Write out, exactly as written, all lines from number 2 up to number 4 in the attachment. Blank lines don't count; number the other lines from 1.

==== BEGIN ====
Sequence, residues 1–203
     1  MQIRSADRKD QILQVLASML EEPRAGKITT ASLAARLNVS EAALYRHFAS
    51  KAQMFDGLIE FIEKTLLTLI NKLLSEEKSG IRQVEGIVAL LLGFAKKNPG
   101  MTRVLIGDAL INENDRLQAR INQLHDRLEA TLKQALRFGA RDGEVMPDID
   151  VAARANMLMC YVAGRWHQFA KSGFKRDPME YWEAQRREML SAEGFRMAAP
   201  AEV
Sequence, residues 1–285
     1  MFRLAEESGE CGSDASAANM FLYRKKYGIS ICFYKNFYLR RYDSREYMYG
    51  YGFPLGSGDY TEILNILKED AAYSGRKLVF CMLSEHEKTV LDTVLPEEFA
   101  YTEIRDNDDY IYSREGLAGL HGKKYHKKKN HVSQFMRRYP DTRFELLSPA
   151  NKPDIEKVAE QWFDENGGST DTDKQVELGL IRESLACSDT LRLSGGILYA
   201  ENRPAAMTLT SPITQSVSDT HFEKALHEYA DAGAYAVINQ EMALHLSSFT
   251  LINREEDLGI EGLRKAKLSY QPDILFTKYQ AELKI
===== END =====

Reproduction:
     1  MQIRSADRKD QILQVLASML EEPRAGKITT ASLAARLNVS EAALYRHFAS
    51  KAQMFDGLIE FIEKTLLTLI NKLLSEEKSG IRQVEGIVAL LLGFAKKNPG
   101  MTRVLIGDAL INENDRLQAR INQLHDRLEA TLKQALRFGA RDGEVMPDID